Being a military spouse small business owner can be exciting and challenging all at the same time. You spend an exorbitant amount of time building up your client base only to be told the military wants you to move again and again. How long does it take you to recover your business after each move?
Here are 3 ways a military move can kill your small business and how to overcome these obstacles in less than 6 months.
You’ve spent a lot of time building up your client base and now you’re moving.
What is a military spouse small business owner to do?
You’ll have to start from the ground up once again to build your clientele list. This may sound daunting after all you’ve done to create your customer database, but that’s exactly what you need to do. The key to this is to jump right in when you get to your next duty station. Let people know that you are open for business.
Think about how you got started with your military spouse small business originally or how you got it going at your current duty station.
- What steps did you take to earn those clients?
- What marketing avenues did you utilize? Are those same avenues available for you to use again?
Don’t write off your clients at your former duty station right away. Before you leave your current town see if you can keep any of your clients.
Is your military spouse small business mostly online? In that case, the move might not hurt you at all. If you are able to continue working with your clients over the phone, through the internet or by mail, you might be able to keep them as well.
Do some research and see what you can work out. Call your clients and see if they are willing to work with you during this transition. If a customer is committed to you, they might just stick around.
Your Network and Support System
Networking is the key to success in business. As they say, it’s all about the people you know. Before you even pack your first box, get on the computer and check out your next duty station. Who are the other military spouse small business owners in your new town?
Contact your new command to see if they have a spouse liaison. She might be able to point you in the direction of other wives or husbands in the area that have small businesses.
Don’t be afraid to reach out. Pick up the phone or at least get online and talk to other military spouse small business owners. Ask them how the transition worked for them. They will be able to give you tips on how they got their businesses back to usual when they got to that military installation.
Networking and meeting new people will get you back in business in no time.
Get new business cards made and step out into new areas to network. You can use social media to meet fellow military spouse small business owners. Update or create an account on LinkedIn, a professional networking site. You can reach people on LinkedIn that you might not otherwise have met.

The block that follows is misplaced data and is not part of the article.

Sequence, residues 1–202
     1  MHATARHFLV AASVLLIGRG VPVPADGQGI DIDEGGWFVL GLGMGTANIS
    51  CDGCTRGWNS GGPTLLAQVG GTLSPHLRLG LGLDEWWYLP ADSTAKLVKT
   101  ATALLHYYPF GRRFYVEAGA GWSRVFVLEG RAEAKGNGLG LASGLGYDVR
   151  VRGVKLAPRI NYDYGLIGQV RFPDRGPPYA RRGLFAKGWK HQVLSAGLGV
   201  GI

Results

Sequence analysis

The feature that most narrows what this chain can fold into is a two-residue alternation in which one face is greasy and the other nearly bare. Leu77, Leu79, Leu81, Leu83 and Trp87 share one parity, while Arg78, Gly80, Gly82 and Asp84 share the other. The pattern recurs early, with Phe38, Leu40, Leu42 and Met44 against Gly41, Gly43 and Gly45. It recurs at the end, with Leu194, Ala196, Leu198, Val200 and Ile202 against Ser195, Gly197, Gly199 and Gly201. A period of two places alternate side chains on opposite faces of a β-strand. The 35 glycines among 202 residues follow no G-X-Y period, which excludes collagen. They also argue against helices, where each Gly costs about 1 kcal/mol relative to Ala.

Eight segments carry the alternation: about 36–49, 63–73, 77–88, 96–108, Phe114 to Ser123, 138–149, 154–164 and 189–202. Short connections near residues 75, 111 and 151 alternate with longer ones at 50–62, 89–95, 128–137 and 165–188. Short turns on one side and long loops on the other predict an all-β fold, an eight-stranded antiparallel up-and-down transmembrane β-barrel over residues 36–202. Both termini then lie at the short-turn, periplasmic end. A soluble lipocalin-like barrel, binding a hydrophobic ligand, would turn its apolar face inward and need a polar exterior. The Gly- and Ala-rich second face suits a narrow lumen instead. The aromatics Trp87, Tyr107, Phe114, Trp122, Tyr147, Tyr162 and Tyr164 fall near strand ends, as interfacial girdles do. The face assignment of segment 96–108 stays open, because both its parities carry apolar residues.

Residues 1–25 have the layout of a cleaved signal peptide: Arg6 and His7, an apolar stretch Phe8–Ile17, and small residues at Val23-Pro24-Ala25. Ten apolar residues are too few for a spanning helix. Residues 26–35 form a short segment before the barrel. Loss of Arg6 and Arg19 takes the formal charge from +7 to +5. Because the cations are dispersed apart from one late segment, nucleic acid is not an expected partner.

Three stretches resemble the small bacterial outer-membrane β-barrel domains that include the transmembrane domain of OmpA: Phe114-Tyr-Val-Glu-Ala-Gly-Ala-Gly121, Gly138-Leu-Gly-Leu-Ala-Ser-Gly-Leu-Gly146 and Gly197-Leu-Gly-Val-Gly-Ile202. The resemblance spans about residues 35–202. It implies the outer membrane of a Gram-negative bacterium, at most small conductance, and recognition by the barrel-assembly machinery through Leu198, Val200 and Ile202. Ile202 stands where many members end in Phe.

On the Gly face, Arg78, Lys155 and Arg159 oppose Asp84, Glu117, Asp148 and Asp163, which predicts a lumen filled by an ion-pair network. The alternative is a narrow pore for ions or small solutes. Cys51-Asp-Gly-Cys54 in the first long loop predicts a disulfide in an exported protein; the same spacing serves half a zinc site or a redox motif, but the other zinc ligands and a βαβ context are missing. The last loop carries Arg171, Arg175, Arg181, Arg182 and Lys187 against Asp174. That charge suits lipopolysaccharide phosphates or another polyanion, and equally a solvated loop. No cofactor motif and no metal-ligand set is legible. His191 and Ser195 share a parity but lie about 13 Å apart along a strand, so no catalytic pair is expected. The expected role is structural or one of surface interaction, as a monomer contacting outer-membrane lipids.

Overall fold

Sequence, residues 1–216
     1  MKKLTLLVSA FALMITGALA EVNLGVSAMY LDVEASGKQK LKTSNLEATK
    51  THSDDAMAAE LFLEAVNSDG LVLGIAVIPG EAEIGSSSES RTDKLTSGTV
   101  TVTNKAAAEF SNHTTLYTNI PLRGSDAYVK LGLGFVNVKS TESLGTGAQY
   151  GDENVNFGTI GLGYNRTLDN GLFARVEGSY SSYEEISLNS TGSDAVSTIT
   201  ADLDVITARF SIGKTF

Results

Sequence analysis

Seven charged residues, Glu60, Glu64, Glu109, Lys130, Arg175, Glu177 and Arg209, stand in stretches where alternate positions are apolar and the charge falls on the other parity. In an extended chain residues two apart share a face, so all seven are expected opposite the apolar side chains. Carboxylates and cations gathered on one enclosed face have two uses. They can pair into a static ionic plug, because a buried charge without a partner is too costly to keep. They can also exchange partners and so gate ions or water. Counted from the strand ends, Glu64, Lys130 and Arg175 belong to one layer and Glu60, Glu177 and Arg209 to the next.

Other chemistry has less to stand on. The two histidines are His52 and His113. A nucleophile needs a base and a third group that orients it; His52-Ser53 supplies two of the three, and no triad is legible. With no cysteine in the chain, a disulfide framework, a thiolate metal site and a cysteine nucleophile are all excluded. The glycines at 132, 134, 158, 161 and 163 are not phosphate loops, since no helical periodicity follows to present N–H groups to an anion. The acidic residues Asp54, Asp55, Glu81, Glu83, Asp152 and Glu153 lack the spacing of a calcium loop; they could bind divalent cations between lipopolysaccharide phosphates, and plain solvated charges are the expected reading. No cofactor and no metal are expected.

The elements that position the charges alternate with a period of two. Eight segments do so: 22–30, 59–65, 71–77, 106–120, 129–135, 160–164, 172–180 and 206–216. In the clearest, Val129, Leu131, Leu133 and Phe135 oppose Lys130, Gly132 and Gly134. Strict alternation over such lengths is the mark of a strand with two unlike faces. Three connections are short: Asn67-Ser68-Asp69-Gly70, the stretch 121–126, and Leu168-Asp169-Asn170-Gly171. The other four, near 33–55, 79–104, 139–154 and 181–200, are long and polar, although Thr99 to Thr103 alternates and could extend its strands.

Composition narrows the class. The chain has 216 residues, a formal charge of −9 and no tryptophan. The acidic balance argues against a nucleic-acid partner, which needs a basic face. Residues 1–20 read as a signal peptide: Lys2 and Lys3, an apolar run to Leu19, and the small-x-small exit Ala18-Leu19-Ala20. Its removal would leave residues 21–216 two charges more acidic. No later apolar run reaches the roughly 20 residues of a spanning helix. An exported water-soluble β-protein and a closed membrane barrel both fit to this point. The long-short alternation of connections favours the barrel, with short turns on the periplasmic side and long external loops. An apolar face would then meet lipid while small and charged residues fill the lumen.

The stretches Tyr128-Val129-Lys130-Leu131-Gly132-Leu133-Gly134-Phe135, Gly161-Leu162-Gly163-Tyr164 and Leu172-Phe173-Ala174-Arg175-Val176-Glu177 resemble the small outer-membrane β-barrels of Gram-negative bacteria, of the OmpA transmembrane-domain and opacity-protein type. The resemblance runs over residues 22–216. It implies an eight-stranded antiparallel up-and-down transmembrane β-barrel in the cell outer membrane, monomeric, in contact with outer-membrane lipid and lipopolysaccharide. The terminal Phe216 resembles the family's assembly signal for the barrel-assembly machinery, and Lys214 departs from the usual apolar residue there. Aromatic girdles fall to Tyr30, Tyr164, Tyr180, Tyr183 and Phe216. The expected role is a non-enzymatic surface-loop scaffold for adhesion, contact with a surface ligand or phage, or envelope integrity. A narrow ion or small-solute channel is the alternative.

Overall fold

Twitter, Facebook and other social media sites can be good outlets. Create pages specifically separate from your personal accounts.
Make a website or have one made for your business. Buy your online real estate if you haven’t already done so. This entails creating accounts on many platforms that use your business name. This keeps others from using your business name and opens doors to both customers and networking.
You don’t have to do it all on your own. The Small Business Administration is available to military spouse small business owners. The same resources that are offered to active duty members who are transitioning out of the military and are interested in opening their own businesses are available to military spouses. This includes counseling and training, access to loans and disaster relief.
If you sell products, maintaining control of inventory during a move can be difficult for military spouse small business owners. We all know what can and often does happen to household goods during transit.
Will you be packing up and moving your own items or will you be letting the military send in a crew to do it for you?
Make sure you take careful stock of your inventory before packing begins. If movers are in charge, let them know upfront to be delicate with these items.
If they get damaged during transit, make sure to file a claim. Most insurance agencies have a timeline for filing damage reports so make sure you do it in a timely manner. Take photos of the damaged property. This can be useful in recouping costs. Save all of this information for tax season.